1. The first paper shredding machine was patented by inventor Abbot Augustus Lowe in 1909. But his prototype never saw mass production — Lowe died only three years after patenting it.
2. In 1935, a German engineer named Adolf Ehinger created a second machine designed for paper shredding. He had to create it in a hurry: Its purpose was to shred hundreds of volumes of anti-Nazi propaganda before Hitler’s secret police could find them.
3. Paper shredding isn’t just something that happens in the office. Many firms’ need for document destruction is so great that they hire dedicated shredding companies to visit their offices with huge ten-wheel trucks with giant paper shredding machines mounted on the back.
4. Doctors and health insurance providers are legally tasked with document shredding duties. Because their patients’ and clients’ information is so sensitive, state and federal laws dictate that all medical organizations have comprehensive data-destruction plans.
5. The practice of paper shredding gained a questionable reputation in 1972, when President Nixon’s operatives shredded huge amounts of paperwork in an attempt to cover up the bungled attempt to burglarize the Democratic National Committee headquarters at the Watergate Hotel.
6. The biggest paper shredding machines on the market make your office shredder look like a plaything in comparison. Many of them eat just about anything, including (but probably not limited to) binder clips, rubber bands and hanging file folders. Do not anger these machines.
7. Because of state and federal laws aimed at preventing identity theft, paper shredding has grown into its very own industry. Many waste management companies have introduced document destruction into their service menus.
8. Paper shredding in the home saw a marked rise in popularity in 1988 — the year the United States Supreme Court ruled that personal trash became public property once it hit the curb.
9. Many document destruction services offer a “Certificate of Destruction” — a legal document that ensures that certain practices were followed in the destruction of documents, and that all of the documents were completely destroyed.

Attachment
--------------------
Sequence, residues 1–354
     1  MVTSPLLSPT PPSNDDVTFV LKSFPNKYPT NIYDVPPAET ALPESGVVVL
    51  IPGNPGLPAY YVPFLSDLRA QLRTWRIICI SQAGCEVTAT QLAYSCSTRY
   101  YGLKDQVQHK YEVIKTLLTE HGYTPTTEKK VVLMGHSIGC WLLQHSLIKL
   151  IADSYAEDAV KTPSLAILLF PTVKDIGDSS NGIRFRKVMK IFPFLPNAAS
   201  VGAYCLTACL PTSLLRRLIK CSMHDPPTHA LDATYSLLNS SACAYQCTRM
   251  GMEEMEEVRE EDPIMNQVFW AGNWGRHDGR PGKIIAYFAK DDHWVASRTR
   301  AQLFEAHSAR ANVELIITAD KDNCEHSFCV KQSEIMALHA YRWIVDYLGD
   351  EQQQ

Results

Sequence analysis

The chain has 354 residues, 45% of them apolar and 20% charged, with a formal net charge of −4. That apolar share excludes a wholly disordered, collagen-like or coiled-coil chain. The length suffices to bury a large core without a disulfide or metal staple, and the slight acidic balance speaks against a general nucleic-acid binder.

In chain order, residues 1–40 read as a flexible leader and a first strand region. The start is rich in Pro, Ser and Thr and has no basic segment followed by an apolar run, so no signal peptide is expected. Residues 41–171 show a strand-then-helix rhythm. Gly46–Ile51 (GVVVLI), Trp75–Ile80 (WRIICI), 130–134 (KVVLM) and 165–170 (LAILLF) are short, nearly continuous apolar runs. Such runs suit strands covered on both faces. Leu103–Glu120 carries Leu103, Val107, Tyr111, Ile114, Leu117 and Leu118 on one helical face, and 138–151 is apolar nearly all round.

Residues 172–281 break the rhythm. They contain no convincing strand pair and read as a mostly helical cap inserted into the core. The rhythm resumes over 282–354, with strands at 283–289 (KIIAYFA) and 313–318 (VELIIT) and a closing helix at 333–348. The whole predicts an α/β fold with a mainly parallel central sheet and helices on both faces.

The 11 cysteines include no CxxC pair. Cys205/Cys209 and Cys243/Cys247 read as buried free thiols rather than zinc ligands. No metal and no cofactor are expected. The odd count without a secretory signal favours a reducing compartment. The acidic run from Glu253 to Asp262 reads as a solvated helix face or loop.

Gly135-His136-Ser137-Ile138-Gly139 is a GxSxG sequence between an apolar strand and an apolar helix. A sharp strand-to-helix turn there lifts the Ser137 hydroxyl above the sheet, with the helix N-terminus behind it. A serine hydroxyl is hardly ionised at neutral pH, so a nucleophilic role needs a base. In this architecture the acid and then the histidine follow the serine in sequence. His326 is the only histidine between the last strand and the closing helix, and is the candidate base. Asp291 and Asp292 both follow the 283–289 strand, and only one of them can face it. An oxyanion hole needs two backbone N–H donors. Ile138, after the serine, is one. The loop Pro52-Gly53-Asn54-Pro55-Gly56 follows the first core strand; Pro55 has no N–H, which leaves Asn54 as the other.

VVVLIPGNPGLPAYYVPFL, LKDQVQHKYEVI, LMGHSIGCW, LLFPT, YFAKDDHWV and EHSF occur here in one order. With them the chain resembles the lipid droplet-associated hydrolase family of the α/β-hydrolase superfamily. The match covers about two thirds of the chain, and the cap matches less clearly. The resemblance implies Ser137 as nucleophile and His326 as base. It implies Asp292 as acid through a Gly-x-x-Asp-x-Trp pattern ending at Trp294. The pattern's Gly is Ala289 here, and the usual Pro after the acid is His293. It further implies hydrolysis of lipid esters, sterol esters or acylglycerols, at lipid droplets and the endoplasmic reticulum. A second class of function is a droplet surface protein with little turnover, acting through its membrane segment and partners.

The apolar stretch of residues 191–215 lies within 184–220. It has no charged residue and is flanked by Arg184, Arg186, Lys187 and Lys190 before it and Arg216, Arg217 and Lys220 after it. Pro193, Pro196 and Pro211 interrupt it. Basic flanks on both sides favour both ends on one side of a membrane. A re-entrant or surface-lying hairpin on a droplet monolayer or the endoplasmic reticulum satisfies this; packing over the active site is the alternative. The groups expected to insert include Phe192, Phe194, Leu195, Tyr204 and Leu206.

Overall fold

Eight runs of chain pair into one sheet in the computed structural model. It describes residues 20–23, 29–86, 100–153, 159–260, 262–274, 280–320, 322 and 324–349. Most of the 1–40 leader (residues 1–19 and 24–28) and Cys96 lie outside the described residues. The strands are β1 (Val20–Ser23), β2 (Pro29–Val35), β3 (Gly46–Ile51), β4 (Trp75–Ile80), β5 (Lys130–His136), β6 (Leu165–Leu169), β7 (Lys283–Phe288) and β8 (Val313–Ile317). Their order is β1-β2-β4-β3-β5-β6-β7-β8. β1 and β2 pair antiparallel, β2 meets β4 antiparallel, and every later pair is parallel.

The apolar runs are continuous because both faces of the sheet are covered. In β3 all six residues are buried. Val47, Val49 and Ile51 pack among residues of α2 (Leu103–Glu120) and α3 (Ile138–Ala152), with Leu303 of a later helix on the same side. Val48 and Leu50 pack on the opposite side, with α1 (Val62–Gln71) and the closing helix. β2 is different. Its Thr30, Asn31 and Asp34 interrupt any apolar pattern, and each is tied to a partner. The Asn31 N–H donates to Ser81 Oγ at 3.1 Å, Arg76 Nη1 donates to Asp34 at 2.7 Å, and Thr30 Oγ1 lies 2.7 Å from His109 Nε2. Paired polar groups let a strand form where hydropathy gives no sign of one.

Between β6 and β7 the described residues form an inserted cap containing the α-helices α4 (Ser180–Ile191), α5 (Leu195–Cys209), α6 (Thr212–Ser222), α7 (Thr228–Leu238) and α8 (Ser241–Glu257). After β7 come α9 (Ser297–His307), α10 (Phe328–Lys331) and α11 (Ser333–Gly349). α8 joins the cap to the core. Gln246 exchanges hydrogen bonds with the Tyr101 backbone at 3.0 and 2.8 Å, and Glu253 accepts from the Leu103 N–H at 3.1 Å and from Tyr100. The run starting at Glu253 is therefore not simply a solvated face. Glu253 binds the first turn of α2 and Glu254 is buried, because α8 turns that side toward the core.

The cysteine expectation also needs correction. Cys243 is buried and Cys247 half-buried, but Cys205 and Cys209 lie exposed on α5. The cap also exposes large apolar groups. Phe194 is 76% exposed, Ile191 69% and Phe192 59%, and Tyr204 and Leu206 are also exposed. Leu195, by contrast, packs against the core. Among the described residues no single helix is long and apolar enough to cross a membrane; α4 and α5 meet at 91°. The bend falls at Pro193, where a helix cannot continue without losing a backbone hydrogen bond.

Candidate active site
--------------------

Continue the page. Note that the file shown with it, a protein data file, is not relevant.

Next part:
10. Paper shredding used to be all any business needed to worry about. But as digitally-stored information became more widespread, the need for specialized services to erase and destroy computer hard drives followed suit.
11. Like doctors and health insurance professionals, accountants are legally bound to adhere to certain document shredding standard. The Gramm-Leach Bliley Financial Modernization Act of 1993 outlined the measures that must be taken to destroy sensitive client information.
12. Iranian revolutionaries changed the way we approach paper shredding in 1979, when several of them stormed the American embassy and seized piles of shredded documents. Since the embassy’s shredders only cut paper into long, thin strips, it was simple for the revolutionaries to paste the documents back together to access the (highly secret) information they held. After this, cross-cut shredders became the norm.
13. According to a survey by the nonprofit Identity Theft Resource Center and Fellowes, Inc., many Americans believe identity theft is more likely to occur during online exchanges — even though online exchanges represent less than 10 percent of identity theft cases.
14. Some of the most technologically advanced shredding machines cut documents into pieces measuring just 3mm by 9mm.
15. The National Association for Information Destruction is the shredding industry’s nationally recognized trade association. It is headquartered in Phoenix, AZ.